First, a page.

United Continental reports smaller profits
BY TINA SFONDELES Staff Reporter email@example.com October 25, 2012 8:32AM
Travelers wait for the security check-in at O'Hare Airport Tuesday, August 28, 2012, in Chicago. | John J. Kim~Sun-Times
Updated: November 27, 2012 10:47AM
Frustrated travelers ditched United for other carriers after glitches from the Chicago airline’s merger with Continental led to delays and cancellations this summer, executives said while reporting third-quarter earnings Thursday.
The dollar amount of loss caused by operational difficulties wasn’t revealed, but United Continental Holdings CEO Jeff Smisek called it a “significant number” during a call with analysts. “It was a negative number for us in the third quarter, clearly.”
In August, United Airlines’ reservation system and website suffered a major computer glitch, grounding planes for more than hours, causing long lines and delayed flights and angering fliers.
During the July-August-September period, per-passenger revenue fell 2.6 percent, and was down in every part of the world except for the Pacific. Traffic fell 1.5 percent. Yield, which measures fares paid, slipped 1.2 percent.
Particularly damaging was the defection of corporate travelers, who booked elsewhere and hurt revenue.
Revenue for United Continental Holdings Inc. fell 2.6 percent to $9.91 billion, below analyst expectations.
A $454 million charge to cover future lump-sum payments to pilots anticipated under a preliminary deal reached in August wiped out much of United Continental Holdings Inc.’s profit. United also recorded $60 million in integration expenses for merging the two airlines.
Net income dropped to $6 million, or 2 cents per share, from $653 million, or $1.69 per share, a year earlier.
Smisek admitted customers chose other airlines this summer as United’s operation performance slumped.
“…We recognize that some of our customers chose to fly other airlines during the summer when our operational performance degraded, just like when your preferred road to work undergoes construction, you might choose to take a detour unti the road gets repaired.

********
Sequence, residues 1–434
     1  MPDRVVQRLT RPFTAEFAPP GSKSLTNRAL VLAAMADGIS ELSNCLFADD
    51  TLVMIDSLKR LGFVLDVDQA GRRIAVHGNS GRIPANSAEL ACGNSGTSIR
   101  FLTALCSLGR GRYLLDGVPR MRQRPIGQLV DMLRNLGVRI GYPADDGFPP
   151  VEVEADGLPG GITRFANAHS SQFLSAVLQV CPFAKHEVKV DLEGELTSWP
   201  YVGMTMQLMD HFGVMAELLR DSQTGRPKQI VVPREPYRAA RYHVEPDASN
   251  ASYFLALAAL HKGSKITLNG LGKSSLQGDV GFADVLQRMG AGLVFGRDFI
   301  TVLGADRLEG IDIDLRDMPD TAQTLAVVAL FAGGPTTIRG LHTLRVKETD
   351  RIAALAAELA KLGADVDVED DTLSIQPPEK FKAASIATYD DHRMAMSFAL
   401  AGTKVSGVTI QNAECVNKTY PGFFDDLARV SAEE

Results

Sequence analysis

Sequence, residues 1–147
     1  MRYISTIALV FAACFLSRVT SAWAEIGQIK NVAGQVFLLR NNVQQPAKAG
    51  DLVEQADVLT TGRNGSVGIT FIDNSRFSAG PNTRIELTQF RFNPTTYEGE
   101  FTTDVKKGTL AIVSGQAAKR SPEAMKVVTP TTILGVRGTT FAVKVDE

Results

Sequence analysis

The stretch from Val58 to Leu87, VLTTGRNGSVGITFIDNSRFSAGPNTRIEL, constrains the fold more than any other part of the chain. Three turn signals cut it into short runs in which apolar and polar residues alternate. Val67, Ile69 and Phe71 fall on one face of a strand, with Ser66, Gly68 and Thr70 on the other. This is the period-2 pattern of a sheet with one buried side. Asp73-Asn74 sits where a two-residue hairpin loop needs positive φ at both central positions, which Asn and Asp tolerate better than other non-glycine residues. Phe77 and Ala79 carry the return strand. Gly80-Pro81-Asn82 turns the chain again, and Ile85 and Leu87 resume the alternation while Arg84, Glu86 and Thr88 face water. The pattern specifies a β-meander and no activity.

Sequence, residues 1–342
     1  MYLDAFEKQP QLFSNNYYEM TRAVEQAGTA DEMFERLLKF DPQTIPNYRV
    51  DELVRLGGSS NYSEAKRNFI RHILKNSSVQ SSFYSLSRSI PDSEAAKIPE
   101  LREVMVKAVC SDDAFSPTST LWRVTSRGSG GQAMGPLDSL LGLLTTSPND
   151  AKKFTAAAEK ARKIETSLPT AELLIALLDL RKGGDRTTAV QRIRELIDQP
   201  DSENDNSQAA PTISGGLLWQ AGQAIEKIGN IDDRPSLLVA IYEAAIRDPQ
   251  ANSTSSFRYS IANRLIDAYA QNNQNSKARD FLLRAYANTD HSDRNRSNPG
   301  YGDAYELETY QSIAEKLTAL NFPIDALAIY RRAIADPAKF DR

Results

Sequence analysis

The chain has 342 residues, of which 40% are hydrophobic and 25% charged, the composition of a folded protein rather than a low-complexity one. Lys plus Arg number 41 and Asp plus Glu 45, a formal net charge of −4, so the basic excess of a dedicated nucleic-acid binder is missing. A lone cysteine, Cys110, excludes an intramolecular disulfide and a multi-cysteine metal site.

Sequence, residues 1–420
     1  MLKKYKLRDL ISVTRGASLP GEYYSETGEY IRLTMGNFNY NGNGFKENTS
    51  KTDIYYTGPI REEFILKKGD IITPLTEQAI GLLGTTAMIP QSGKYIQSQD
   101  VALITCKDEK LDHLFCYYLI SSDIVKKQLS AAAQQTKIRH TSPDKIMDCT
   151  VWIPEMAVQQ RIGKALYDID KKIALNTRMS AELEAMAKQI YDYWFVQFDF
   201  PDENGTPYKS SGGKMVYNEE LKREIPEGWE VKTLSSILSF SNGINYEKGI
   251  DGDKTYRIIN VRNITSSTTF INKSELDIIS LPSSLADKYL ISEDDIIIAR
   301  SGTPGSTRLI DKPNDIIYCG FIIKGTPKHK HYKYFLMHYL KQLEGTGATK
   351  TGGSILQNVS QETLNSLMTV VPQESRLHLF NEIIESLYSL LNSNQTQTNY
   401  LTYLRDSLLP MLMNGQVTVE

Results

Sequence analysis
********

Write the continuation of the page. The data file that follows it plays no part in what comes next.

“Well the road is repaired, with our operations back on track, our unmatched global network and our industry leading product offerings, we hope to earn back those customers who took a detour and we expect to attract new customers as well,” Smisek said.
David Fintzen, analyst with Barclays Capital, said United’s performance isn’t too different than when Delta Air merged with Northwest Airlines in 2010.
“We’re not out of the ballpark of what we’ve seen in the past,” Fintzen said. “The on time performance degredation, if you just look at the summer of 2010, it was a really rough period of operations for Delta…Delta has a very similar erosion in their on time performance. United is frankly not much worse than what we saw at this point in the merger [with Delta].”
Fintzen called Delta’s merger “an obvious success.”
“I don’t see any reason that United won’t get to where Delta is today. It just takes time. It’s going to take well into 2013.”
Technical work for the merger isn’t quite over. Smisek said there’s still more work to do to combine maintenance systems: “It is a monumental task but one that can be staged on a fleet by fleet basis over a considerable amount of time. That’s a multi-year project.”
He also called this quarter “the toughest quarter of our integration.”